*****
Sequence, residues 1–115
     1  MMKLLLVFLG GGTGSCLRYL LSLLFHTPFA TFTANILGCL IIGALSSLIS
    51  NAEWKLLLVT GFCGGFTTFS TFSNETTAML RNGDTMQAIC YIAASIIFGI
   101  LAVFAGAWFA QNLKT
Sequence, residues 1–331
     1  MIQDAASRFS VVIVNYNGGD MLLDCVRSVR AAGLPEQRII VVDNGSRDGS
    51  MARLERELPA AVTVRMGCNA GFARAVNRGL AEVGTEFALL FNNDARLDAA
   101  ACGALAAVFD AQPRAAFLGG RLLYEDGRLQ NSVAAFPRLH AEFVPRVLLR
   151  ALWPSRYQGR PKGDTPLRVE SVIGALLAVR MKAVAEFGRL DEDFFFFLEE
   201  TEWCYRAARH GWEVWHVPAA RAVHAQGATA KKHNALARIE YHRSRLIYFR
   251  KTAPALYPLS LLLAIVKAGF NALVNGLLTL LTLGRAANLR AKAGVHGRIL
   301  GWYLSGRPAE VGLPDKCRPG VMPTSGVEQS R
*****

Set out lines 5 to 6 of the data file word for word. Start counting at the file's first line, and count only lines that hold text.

Sequence, residues 1–331
     1  MIQDAASRFS VVIVNYNGGD MLLDCVRSVR AAGLPEQRII VVDNGSRDGS